Jose almost leaped out of his chair. From the swamp? That was where he had sensed the magic earlier. And his dream had shown them trudging through marshland. It had to be him. "By Khanus, why didn't you mention this before! Where are they staying?"

Pedro didn't seem perturbed by the Inquisitor's outburst, and instead smiled. "At the Ploughman. Had one of my boys take them there myself. Suspicious, I was." Pedro added proudly.

"An idiot is what you are!" Jose said. "You've allowed two wizards and their minions into a town, and allowed them to kill six of my brethren! You're lucky I don't have you hung!" Jose's voice was icy steel.

Pedro blanched at that, and Marcos seemed to be intently studying his papers. The nobles stared with exaggerated interest at random furnishings, and only the Baron seemed unaware of Jose's ire. The fat man threw a chicken bone onto his pile, drank a mouthful of wine, and broke the silence with another long burp. "My dear Jose," Baron Juan said, "Do sit down. The night is young, and these wizards aren't going any where. I'll have my men apprehend them. Have some wine."

Jose bowed respectfully to the Baron, though his face was fixed in a scowl. "Your men, my lord, aren't fit to apprehend a dead mule! With all due respect, I ask to take leave so I can see to these men myself."

"As you wish, Don Jose." Juan said, dipping his finger in some warm cheese fondue. "Hurry back, or I can't guarantee we'll have any food left." He sucked noisily on his finger.

Jose simply nodded, before bowing again. He fixed Pedro with another scowl before marching towards the door. He had a job to do. He had to find his Stormcrows and arrest two wizards and their aids. After that there would be a trial and an execution, and the streets of Stonegate would be safe again. For the first time this evening, Jose smiled.

 

The night was bitterly cold, a stark contrast to the oppressive heat of the day. An icy wind blew down from the White Mountains many leagues to the north, and howled noisily through the narrow streets of Stonegate. Grendel, stood atop the roof of a clockmakers in the southern part of town, shivered in the cold. The wind bit at him, making his face sting and his fingers numb. He wished he'd brought his cloak with him, or at least a coat. Still, at least the wind had blown most of the clouds away. The night was clear, and the half-moon shone brightly, illuminating the town with an eerie glow, and lighting the rooftops for Grendel.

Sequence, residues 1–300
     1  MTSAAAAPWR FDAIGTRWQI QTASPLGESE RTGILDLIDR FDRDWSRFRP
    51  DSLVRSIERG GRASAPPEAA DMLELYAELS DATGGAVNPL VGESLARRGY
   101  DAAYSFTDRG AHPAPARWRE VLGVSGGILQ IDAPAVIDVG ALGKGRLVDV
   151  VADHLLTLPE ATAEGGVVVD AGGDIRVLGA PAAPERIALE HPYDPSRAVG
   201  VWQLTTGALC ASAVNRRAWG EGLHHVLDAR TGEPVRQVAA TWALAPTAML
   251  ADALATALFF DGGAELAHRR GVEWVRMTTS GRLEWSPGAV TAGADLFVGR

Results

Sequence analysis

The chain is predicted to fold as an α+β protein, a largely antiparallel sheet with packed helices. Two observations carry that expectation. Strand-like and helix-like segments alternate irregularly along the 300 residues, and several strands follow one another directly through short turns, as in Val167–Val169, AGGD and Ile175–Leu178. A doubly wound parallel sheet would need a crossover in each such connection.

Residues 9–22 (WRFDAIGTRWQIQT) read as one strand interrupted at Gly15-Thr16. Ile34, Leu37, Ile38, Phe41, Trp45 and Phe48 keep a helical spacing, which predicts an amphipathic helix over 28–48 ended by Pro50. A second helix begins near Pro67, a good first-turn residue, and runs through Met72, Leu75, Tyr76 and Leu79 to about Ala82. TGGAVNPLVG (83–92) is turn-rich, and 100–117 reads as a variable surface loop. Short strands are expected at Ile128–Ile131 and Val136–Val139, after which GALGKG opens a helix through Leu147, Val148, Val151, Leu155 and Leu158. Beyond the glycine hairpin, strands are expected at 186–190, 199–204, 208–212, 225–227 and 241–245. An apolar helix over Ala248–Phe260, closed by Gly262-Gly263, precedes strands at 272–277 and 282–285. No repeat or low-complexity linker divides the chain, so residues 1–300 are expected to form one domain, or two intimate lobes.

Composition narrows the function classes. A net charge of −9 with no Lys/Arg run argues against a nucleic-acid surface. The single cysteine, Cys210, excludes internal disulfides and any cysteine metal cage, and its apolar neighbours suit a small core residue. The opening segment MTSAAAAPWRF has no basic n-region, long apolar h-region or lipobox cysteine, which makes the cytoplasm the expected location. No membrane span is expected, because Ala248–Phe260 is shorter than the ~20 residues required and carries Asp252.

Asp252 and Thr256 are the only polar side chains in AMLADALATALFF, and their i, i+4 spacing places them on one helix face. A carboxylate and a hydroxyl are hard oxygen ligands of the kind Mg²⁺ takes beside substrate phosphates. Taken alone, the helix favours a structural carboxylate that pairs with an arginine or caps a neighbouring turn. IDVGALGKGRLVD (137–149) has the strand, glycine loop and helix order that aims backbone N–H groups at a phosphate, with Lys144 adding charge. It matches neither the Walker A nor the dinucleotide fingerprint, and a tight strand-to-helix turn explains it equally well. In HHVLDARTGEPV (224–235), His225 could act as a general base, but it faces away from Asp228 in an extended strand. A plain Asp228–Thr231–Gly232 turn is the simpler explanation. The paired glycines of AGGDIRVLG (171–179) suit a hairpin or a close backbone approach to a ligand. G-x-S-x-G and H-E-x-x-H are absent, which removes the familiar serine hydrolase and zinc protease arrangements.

He looked once to Maree, who was slowly edging away along the roof, behind him. Her teeth were clenched against the cold, and her nose and cheeks were bright red. He was surprised she hadn't frozen to death already, dressed the way she was. As much as Grendel liked Maree's new clothes, he wasn't sure they were altogether decent. He certainly got embarrassed walking down the street with her- all the leering and whistling and suspicious looks. Of course, the darkness cloaked them from the embarrassment of the day, but still the clothes weren't suitable for this particular weather. He'd asked Maree if she was okay, whether she was cold, and didn't she think she should change. Maree had responded that she was fine, despite her constant shivering, and that Grendel really should mind his own business.

Grendel crouched now, to avoid being silouhetted